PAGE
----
Koume’s family think that she is earnest and pure, and we are perhaps meant to snigger because, we, the readers, know that in reality she isn’t

⇒because she fucks and is fucked⇐

because Isobe fucks and eats her ass and asks her to shit in his mouth – (let’s not be coy)

But the sex in the book is the most earnest and pure I have encountered in literature

<p style=”text-align: center;”>     Did you</p>

<p style=”text-align: center;”>                                 have a good time, Kim</p>

<p style=”text-align: justify;”>I am not crying</p>

DOMU: A CHILD’S DREAM BY KATSUHIRO OTOMO

They often come to me from different towns or cities. I meet them at the train station, and on each occasion, as we exit, and start the climb towards one of the bars in the city centre, I turn my head and draw their attention to the Park Hill housing estate. I know I shouldn’t do it, but I do. The woman is not the same but this scene is; repeated I don’t know how many times now. Look, I say, and they look. And then I begin my explanation, which, by this stage, is almost scripted; and I’m boring them, I know; and I’m boring myself; but I can’t help it, as I am intensely moved. I didn’t grow up in Park Hill, but it was a place just like it; hard, raw and grey. The design of the buildings mirroring my experience. It’s pretty ugly, they say, or something of that sort. I don’t tell them that I feel ugly too, for this sort of thing formed me. I too am hard, grey concrete. For a while they stopped buses going up there, to the estate where I lived, because children would throw bricks at them. Where did they get such a supply of bricks? Were they stolen from the tower blocks themselves? In my mind I see little gutter kids sitting in the dirt, carefully removing bricks from the base of tall buildings. And in the next moment I see them toppling, in a perfectly choreographed, Twin Towers-like collapse.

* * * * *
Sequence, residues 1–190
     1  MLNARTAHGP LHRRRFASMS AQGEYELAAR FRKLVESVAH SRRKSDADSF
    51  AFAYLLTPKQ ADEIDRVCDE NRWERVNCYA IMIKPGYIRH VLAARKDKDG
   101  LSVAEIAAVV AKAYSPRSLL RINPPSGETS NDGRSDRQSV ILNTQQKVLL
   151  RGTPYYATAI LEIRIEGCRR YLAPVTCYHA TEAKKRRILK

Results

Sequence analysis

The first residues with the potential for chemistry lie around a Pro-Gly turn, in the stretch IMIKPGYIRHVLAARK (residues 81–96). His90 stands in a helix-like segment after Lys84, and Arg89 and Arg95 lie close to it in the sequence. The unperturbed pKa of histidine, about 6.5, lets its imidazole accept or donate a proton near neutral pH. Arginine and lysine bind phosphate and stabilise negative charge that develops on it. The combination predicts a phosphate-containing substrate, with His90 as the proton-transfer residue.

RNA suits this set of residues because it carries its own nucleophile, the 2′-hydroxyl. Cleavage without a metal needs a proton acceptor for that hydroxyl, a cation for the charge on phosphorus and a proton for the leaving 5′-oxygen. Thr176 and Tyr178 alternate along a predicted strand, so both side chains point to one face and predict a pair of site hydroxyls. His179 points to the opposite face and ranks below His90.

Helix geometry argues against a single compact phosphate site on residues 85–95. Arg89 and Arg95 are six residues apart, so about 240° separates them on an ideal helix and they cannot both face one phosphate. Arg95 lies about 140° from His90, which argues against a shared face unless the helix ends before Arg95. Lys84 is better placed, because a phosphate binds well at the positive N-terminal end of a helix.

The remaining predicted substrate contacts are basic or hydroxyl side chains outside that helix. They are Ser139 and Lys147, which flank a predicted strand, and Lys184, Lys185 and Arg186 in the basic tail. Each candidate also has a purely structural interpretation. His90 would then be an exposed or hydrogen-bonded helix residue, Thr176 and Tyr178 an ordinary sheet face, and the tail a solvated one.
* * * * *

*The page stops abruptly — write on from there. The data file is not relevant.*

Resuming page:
domu-arch-21.jpg

On the surface, Domu, by Akira creator Katsuhiro Otomo, is a horror/murder mystery. At a large housing complex, the residents are dying – twenty-five in less than three years – in unusual circumstances. What appear to be suicides, murders and accidental deaths, are, the police think, somehow linked. The latest apparent suicide had, they note, no history of mental health problems and left no note. He also had no access to the key to the door leading to the roof, from which he flung himself, and the door itself showed no sign of being tampered with. At one stage, one of the detectives says that it is a ‘locked roof mystery,’ in a nod to the once popular locked room subgenre, of which Gaston Leroux’s The Mystery of the Yellow Room is a prime example. In the early parts of the manga, Otomo builds his puzzle carefully and expertly, leaving numerous clues and providing a number of possible theories. It could be that there is a serial killer in the housing complex who has a grudge against the residents. Or is that someone has a grievance with the complex itself, someone who was forced out when it was built perhaps? Or could it even be one of the children? Or a ghost or spirit of some kind?